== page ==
Sunday in Goleta.........

Kathleen L. Whitney <kwhit@...>

Rob Hamilton and I birded the Glen Annie Golfcourse this morning and found
an Indigo Bunting. Winter birds are beginning to appear; Lincoln's Sparrow
and White-crowned Sparrow have both returned. We also had Say's Phoebe and
Cedar Waxwings.

The really happening spot was Lake Los Carneros - at
one point the trees near Stowe House were literally vibrating with birds,
mostly bushtits, Warbling Vireos, and Western Tanagers but also a Hermit
Warbler and at least one very interesting Dendroica warbler that got away.
This bird had a yellow belly (seemed more extensively yellow than
Townsend's) with heavy black streaking. The face of this elusive bird was
not seen. The dying eucs near the parking lot also had plenty of action -
Rob turned up a Nashville Warbler there. Good birding everyone!

Re: "white" shearwater <jcwings@...>

I didn't have time to look this up before but I did find a notation on albinism in Sooty Shearwater in the National Audubon Society's Encyclopedia of North American Birds by John K. Terres:
    "A number of partial albinos reported; white most often on head and neck, although whole body may be pied"

There is no mention of albinism in Harrison's "Seabirds" nor is there an illustration of what a "pied" individual might look like. Rich Stallcup's "Ocean Birds of the Nearshore Pacific" mentions; "symmetrically leucistic birds occur rarely and have been mistaken for other species, even the flashy Cape Petrel (Daption capense). Although, the illustration of a Cape Petrel in "Seabirds" doesn't look at all like the bird we observed off the SMRE. It was certainly just an odd looking Sooty. Just wanted to share that.

I also forgot to mention that as we were looking for a lifer Tricolored Blackbird for Dave's friend from CO, we found a flock of mixed blackbirds near the intersection of Highway 1 and Black Road just east of Santa Maria which contained the Tri's and at least four female Yellow-headed Blackbirds.


Re: Prothonotary Warbler

Kathleen L. Whitney <kwhit@...>

Dave Compton and I saw the Prothonotary Warbler again this morning at El
Capitan, this time it was west of the amphitheater with a small warbler
flock. It appears to be a female. We also found a Rose-breasted Grosbeak
- this one was just east of the amphitheater. The Tennessee Warbler did
not make an appearance but it remains very birdy there, especially around
the campground - lots of warblers, Yellow, Wilson's, Townsend's, and a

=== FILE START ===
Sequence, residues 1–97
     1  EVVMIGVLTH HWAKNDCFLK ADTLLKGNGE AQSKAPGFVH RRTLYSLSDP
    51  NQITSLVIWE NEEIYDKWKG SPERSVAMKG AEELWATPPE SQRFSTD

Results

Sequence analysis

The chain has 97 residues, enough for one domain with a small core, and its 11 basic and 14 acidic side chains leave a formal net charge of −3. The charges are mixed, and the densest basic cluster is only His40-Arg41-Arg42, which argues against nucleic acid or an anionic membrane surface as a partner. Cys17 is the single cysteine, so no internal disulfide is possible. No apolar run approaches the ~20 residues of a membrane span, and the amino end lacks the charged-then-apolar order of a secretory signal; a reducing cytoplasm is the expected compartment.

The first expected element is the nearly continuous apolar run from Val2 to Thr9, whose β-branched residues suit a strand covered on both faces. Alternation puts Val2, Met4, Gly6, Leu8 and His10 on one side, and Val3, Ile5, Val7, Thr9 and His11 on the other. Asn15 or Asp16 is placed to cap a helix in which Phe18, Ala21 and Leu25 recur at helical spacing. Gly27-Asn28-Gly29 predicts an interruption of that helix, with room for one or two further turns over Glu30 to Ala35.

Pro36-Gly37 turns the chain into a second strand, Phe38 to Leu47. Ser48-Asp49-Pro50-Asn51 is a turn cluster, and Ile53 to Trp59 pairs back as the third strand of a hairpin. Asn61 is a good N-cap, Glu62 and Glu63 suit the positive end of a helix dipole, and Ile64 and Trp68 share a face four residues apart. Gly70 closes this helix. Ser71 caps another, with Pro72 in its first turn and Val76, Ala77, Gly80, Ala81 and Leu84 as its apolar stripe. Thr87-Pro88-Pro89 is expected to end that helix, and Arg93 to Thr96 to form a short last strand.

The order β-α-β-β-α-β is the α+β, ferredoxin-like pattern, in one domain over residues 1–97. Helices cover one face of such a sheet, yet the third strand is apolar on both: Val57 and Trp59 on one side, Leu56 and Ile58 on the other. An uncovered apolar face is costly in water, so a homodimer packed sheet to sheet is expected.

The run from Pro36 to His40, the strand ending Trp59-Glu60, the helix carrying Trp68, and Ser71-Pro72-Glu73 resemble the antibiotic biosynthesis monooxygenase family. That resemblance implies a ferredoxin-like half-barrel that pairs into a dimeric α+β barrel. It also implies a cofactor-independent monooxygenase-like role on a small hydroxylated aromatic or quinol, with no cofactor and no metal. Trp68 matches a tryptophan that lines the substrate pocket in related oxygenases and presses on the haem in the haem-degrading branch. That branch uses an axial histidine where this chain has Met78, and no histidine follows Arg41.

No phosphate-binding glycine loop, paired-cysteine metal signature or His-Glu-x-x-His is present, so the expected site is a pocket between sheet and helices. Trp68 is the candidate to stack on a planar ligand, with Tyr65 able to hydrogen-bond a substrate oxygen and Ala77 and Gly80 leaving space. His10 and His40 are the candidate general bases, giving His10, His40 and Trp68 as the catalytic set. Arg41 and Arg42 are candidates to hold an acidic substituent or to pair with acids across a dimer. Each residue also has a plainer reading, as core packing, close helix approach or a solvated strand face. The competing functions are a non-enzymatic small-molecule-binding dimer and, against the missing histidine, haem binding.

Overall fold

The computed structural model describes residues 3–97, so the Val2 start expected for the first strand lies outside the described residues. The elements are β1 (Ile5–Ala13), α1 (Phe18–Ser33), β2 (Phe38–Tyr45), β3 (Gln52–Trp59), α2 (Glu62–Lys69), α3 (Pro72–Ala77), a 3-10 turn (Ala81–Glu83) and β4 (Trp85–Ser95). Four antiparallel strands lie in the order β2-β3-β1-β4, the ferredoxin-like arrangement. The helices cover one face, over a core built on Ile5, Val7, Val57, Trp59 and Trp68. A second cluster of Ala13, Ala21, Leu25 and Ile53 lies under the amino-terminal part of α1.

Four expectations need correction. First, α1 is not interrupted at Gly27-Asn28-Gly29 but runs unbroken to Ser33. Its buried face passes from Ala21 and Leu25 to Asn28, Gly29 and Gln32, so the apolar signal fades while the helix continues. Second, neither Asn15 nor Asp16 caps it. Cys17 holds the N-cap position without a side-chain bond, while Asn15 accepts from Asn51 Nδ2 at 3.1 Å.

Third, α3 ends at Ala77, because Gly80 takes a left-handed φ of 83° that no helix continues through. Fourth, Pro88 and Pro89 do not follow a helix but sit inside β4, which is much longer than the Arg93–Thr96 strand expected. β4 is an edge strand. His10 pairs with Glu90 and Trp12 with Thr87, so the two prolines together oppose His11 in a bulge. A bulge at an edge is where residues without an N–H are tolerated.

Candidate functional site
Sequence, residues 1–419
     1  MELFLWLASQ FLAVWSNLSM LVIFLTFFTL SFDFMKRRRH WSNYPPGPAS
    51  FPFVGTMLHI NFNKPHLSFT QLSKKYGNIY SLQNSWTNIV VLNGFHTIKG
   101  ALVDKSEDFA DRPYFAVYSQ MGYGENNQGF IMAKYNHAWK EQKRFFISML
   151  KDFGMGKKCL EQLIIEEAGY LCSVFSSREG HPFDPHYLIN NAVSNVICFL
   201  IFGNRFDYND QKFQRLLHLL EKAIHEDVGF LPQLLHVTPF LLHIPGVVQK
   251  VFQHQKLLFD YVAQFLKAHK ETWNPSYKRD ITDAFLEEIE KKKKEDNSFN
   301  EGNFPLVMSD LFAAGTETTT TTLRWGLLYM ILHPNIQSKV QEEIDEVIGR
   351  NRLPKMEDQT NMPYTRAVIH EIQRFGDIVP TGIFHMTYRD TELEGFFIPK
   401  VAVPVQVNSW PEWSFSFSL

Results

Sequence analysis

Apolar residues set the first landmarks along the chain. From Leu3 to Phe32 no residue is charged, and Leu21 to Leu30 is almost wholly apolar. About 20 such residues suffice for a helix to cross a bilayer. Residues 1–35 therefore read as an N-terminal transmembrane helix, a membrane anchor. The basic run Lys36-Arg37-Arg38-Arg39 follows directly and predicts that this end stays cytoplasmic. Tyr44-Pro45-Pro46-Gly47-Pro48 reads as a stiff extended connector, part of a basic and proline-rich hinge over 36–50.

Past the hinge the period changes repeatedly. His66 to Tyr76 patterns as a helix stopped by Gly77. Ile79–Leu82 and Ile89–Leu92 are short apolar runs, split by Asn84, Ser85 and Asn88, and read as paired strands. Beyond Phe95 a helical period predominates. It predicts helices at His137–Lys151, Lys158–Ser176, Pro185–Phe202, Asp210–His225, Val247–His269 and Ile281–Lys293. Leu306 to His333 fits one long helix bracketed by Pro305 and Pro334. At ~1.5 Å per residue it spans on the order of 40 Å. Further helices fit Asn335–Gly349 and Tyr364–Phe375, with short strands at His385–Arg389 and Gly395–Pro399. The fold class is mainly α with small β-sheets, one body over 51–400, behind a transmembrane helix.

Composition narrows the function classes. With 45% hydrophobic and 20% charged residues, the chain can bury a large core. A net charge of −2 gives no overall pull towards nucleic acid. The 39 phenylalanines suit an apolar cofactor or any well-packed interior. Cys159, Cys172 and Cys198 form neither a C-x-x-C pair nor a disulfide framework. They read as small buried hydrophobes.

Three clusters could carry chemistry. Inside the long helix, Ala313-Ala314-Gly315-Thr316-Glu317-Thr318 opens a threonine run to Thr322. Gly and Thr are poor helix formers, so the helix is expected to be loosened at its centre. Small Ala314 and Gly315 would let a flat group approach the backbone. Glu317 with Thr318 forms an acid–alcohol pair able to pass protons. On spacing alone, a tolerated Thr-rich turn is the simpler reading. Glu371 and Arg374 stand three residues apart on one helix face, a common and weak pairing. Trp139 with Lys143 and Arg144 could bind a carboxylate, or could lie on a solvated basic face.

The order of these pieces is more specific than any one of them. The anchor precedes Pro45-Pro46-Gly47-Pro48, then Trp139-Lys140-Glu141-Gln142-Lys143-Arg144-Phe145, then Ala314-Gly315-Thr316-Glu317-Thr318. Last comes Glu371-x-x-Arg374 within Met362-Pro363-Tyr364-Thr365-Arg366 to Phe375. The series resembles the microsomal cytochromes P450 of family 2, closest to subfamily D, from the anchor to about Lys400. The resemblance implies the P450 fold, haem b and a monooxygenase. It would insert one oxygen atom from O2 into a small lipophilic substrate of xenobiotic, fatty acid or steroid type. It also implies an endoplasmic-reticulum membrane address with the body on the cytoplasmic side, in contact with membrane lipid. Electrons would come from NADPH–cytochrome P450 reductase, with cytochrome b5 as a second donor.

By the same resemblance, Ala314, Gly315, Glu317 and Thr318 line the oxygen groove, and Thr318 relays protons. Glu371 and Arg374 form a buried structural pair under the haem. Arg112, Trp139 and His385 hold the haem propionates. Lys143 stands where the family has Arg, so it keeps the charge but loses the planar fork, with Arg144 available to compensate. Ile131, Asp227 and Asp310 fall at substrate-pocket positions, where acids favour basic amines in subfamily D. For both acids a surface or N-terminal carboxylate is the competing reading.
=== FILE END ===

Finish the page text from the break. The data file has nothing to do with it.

Black-throated Grey and other migrants as well (Western Wood Pewees and
Tanagers etc.) altogether worth the drive!

At 19:51 15.9.1999 -0700, you wrote:

Rebecca Coulter and I saw the Prothonotary Warbler at El Capitan Beach
State Park Wednesday afternoon. The bird was in a large, mixed warbler
flock near campsite 12.

Guy Tingos
Santa Barbara, CA

------------------------------------------------------------------------ home: - Simplifying group communications

9/17 County Birds <jcwings@...>

Hello all,

Some of you may remember Dave Quesenberry. Dave is visiting CA with a
birding friend this week in search of CA lifers. I decided to tag along
as they birded the south coast. We stopped at Gaviota, Refugio, and El
Cap today in search of migrants.

The only bird worth mentioning at Gaviota was a single Vaux's Swift.

Refugio had a few migrant warblers in the small willow growth near the
entrance to the campground. In a flock of blackbirds we found a

At El Capitan we located a Tennessee Warbler in a mixed flock (Wilson's,
Yellows, Or-crowns) near the creek mouth. We also found the Prothonotary
Warbler feeding in a Catalina Cherry bush with Western Tanagers and
Black-headed Grosbeaks next to the amphitheater. Also spotted was a
(possible) Dusky Flycatcher in the lower campground area. Remember, your
entrance fee into any of these beaches will get you into all of the
others for the day.

Santa Maria River estuary had two Red Knots, and one Dunlin. Found
within the massive flock of Sooty Shearwaters just offshore was an
almost entirely white shearwater except for a black trailing edge to the
wing. There was a small amount of dark mottling on the neck too. We
suspected a partial albinistic Sooty (?). Has anyone else ever seen
something like this before? It vaguely looked like a Streaked Shearwater
but whiter. If a bird with albinism like this is possible, how many of
these are misidentified as something exceptionally rare?

Jamie Chavez

Thursday birds

brad hines <bkhnca@...>

Good Evening All,     I  checked El Cap this morning for lingering Protho Warbler and other goodies. The flock was feeding in trees near campsite 9 and amphitheater. Protho was observed the entire time at site 9. Good close-up views from 7-7:30. Lots of migrants including: Nashville, Yellow, Wilsons Warblers,also WeTanagers, BH Grosbeaks. This evening a brief stop at Refugio yielded  Yellows, Wilsons and others feeding in euc's on west side of creek.  } } BRAD } }   hey Beckster

San Ysidro Dippers

D. Barton Johnson <chtodel@...>